Project description:Barley is one of the most important cereals, which is used for breweries, animal and human feeds. Genetic manipulation of plant hormone cytokinins may influence several physiological processes, besides others stress tolerance, root formation and crop yield. In planta, endogenous cytokinin status is finely regulated by the enzyme cytokinin dehydrogenase (EC 22.214.171.124; CKX), that irreversible degrades the side chain of adenine-derived isoprenoid cytokinins. Increasing grain yield by mean of manipulation of endogenous cytokinin content was assayed by the silencing of the HvCKX1 gene. Moreover, to elucidate the putative role of HvCKX1 gene on grain production, knocked-out Hvckx1 mutant plants were generated using the RNA-guided Cas9 system. Homozygote transgenic plants with silenced HvCKX1 gene and azygous knock-out Hvckx1 mutants have been selected and analyzed. Both reduced expression of HvCKX1 gene and CKX activity were measured in different stages of barley grain development. Phenotyping of the transgenic lines revealed reduced root growth, however, plants produced more tillers and grains than azygous wild-type controls and the total yield was increased up to 15 per cent. Although plant productivity was increased, total grain biomass was decreased to 80% of WT grains. RNA-seq analysis of knock-down transgenic lines revealed that several important macronutrient transporters were downregulated in the stage of massive starch accumulation. It suggests that local accumulation of cytokinins negatively affected nutrients flow resulting in reduced grain biomass. Obtained results confirmed the key role of HvCKX1 for regulation of cytokinin content in barley.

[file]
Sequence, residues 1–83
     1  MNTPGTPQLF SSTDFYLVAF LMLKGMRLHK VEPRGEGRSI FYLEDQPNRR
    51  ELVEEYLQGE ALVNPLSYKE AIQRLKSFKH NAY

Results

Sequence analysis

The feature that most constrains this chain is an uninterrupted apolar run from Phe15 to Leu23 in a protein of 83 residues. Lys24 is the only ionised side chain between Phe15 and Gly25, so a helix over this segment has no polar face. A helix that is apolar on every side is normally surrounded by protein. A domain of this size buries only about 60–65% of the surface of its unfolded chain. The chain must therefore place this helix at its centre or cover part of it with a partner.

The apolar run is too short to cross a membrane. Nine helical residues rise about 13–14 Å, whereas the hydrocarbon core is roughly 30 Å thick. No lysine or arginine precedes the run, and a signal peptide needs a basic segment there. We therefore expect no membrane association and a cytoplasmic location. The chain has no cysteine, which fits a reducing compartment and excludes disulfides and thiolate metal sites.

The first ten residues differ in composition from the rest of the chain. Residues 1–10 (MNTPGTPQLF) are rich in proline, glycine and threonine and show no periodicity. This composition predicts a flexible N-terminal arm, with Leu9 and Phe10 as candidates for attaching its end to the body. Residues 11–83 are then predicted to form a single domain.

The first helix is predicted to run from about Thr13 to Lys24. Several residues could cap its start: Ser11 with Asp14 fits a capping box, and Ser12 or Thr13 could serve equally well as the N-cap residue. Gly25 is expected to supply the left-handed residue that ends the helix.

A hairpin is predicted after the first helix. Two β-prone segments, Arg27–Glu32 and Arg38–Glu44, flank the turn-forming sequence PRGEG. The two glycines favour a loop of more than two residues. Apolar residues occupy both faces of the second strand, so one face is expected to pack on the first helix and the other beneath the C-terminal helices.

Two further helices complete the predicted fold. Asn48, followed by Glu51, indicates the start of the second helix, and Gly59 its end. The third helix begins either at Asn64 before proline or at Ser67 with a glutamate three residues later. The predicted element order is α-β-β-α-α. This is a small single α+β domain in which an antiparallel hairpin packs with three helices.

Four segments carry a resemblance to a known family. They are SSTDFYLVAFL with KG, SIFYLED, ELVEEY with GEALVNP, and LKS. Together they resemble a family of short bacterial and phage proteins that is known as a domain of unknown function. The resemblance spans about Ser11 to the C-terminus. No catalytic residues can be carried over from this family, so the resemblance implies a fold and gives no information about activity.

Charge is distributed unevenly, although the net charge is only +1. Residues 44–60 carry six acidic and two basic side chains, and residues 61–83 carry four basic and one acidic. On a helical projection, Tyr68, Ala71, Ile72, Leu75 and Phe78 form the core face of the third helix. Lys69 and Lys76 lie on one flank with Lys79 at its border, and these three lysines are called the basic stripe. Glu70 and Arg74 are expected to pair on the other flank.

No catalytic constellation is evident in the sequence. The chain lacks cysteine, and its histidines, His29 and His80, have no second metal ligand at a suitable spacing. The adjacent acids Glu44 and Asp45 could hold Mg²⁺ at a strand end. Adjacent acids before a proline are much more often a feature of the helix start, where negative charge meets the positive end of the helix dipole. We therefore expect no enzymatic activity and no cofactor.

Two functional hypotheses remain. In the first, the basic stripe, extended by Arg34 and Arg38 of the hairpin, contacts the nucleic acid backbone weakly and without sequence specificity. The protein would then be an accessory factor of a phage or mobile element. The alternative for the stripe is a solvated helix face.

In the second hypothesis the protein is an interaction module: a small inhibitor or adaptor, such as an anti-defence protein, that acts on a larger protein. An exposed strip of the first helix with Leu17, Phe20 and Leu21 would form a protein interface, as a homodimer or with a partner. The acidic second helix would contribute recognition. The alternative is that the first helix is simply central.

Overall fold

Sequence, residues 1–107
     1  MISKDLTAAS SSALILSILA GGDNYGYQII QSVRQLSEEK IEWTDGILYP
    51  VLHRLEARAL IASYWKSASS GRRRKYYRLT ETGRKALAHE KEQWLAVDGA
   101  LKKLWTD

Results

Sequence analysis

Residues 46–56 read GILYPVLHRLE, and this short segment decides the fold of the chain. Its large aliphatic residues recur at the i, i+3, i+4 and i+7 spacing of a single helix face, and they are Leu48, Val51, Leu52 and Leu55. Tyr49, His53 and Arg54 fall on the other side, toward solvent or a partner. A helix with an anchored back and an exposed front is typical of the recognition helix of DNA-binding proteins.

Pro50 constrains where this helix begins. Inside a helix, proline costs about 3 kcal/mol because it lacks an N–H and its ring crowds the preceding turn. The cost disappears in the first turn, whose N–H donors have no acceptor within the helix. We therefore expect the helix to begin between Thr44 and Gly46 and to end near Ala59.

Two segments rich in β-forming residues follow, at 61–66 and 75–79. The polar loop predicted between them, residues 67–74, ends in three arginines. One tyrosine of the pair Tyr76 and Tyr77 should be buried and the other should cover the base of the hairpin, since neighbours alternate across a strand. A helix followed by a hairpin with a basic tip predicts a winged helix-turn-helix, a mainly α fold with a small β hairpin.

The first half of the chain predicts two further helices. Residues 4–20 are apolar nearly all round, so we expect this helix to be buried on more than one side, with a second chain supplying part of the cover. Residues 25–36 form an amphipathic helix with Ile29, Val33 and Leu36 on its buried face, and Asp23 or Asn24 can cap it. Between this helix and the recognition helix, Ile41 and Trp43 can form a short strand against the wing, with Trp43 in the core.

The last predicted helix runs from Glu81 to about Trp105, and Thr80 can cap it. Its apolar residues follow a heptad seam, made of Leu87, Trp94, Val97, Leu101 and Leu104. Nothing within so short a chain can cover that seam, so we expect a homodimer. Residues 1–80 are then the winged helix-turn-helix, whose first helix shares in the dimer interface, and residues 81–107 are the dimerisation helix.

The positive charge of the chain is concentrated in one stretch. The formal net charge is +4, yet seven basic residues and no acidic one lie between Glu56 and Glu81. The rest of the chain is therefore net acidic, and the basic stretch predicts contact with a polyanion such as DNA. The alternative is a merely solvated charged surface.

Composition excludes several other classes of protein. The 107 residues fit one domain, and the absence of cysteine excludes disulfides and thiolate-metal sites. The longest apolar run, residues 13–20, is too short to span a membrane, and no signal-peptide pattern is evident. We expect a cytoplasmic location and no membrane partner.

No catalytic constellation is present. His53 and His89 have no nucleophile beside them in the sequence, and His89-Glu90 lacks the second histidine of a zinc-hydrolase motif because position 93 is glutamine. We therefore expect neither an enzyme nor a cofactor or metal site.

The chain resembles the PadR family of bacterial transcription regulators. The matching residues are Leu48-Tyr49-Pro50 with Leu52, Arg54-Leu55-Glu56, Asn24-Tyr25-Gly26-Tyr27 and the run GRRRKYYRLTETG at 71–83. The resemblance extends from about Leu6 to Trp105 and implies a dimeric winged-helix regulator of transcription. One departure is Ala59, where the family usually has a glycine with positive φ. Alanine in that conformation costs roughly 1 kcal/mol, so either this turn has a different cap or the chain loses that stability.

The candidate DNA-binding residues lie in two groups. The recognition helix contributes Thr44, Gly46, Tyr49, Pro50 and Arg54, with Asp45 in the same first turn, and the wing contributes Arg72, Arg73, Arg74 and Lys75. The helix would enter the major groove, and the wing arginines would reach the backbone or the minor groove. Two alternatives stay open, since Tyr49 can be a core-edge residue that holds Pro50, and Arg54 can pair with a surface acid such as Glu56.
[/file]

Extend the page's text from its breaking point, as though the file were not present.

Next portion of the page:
Project description:The typical rootless linear shoots of aquatic carnivorous plants exhibit clear, steep polarity associated with very rapid apical shoot growth. The aim of this study was to determine how auxin and cytokinin contents are related to polarity and shoot growth in such plants.The main auxin and cytokinin metabolites in separated shoot segments and turions of two carnivorous plants, Aldrovanda vesiculosa and Utricularia australis, were analysed using ultra-high-performance liquid chromatography coupled with triple quad mass spectrometry.In both species, only isoprenoid cytokinins were identified. Zeatin cytokinins predominated in the apical parts, with their concentrations decreasing basipetally, and the trans isomer predominated in A. vesiculosa whereas the cis form was more abundant in U australis. Isopentenyladenine-type cytokinins, in contrast, increased basipetally. Conjugated cytokinin metabolites, the O-glucosides, were present at high concentrations in A. vesiculosa but only in minute amounts in U. australis. N(9)-glucoside forms were detected only in U. australis, with isopentenyladenine-9-glucoside (iP9G) being most abundant. In addition to free indole-3-acetic acid (IAA), indole-3-acetamide (IAM), IAA-aspartate (IAAsp), IAA-glutamate (IAGlu) and IAA-glycine (IAGly) conjugates were identified.Both species show common trends in auxin and cytokinin levels, the apical localization of the cytokinin biosynthesis and basipetal change in the ratio of active cytokinins to auxin, in favour of auxin. However, our detailed study of cytokinin metabolic profiles also revealed that both species developed different regulatory mechanisms of active cytokinin content; on the level of their degradation, in U. australis, or in the biosynthesis itself, in the case of A. vesiculosa Results indicate that the rapid turnover of these signalling molecules along the shoots is essential for maintaining the dynamic balance between the rapid polar growth and development of the apical parts and senescence of the older, basal parts of the shoots.